3. ^ Central Electricity Generating Board (Dissolution) Order (2001)
  4. ^ "Électricité de France agrees to pay $23 billion for British Energy". 24 September 2008. Retrieved 19 April 2018 – via NYTimes.com.


Blyth Power Station

Blyth Power Station (also known as Cambois Power Station) refers to a pair of now demolished coal-fired power stations, which were located on the Northumberland coast in North East England. The two stations were built alongside each other on a site near Cambois in Northumberland, on the northern bank of the River Blyth, between its tidal estuary and the North Sea. The stations took their name from the town of Blyth on the opposite bank of the estuary. Blyth A Power Station was built and opened first but had a smaller generating capacity than its sister station, Blyth B Power Station, which was built to its west four years later. The power stations' four large chimneys were a landmark of the Northumberland skyline for over 40 years; the A Station's two chimneys each stood at 140 metres (460 ft); the B Station's two chimneys were taller, at 170 metres (560 ft) each.

Construction of the B Station began shortly after the A station was completed. The stations were built during a period in which there were great advances in power station technology, and in the scale of production, which led to them having a variety of intermediate generator set sizes along with a mix of design styles. Blyth A had a generating capacity of 480 megawatts (MW) and the B Station 1,250 MW. Their combined capacity of 1,730 MW briefly made Blyth Power Station the largest electricity generation site in England, until Ferrybridge C Power Station came into full operation in 1966. The stations were capable of generating enough electricity to power 300,000 homes.The A Station first generated electricity in 1958, a year after the creation of the Central Electricity Generating Board, and the stations operated until 2001. They were operated by the successors of the CEGB, including National Power, following the privatisation of the UK's power industry. After their closure in 2001, the stations were demolished over the course of two years, ending with the demolition of the stations' chimneys on 7 December 2003. As of 2009, the site is still covered in debris from the demolition. RWE Npower have proposed the construction of a clean coal-fired power station on the site. However, as of November 2009, these plans have been postponed.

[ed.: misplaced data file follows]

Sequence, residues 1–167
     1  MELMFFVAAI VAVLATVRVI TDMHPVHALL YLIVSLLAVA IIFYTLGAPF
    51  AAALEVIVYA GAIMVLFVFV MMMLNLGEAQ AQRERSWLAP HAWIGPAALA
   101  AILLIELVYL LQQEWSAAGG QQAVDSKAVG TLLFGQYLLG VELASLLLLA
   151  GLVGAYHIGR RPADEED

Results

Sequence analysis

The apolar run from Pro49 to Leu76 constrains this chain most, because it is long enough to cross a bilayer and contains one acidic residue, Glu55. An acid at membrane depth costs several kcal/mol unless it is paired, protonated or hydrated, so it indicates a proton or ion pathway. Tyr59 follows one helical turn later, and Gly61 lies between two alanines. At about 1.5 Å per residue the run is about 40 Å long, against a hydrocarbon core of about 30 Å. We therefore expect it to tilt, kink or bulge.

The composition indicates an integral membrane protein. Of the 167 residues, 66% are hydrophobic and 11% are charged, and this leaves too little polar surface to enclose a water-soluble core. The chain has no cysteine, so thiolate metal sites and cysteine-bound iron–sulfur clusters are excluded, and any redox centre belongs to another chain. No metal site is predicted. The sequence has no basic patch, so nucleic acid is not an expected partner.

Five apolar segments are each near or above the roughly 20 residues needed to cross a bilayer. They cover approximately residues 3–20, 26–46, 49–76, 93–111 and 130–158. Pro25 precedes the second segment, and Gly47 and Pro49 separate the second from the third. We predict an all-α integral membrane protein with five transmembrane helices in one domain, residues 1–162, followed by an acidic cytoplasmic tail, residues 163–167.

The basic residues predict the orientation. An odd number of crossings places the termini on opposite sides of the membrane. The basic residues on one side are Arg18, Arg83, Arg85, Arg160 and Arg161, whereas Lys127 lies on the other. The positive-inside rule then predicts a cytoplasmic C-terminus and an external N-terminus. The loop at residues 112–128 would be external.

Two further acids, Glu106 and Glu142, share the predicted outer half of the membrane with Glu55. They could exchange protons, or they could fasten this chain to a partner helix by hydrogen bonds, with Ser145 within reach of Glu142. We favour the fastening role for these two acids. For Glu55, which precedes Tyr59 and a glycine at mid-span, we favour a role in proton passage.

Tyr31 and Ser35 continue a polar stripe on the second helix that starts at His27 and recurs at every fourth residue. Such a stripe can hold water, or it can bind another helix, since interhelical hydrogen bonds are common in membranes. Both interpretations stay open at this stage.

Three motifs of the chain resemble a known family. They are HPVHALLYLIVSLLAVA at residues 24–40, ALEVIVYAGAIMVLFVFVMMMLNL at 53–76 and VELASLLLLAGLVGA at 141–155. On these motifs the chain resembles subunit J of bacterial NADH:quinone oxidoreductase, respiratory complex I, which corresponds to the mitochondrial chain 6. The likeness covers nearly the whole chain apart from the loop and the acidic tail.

British Electricity Authority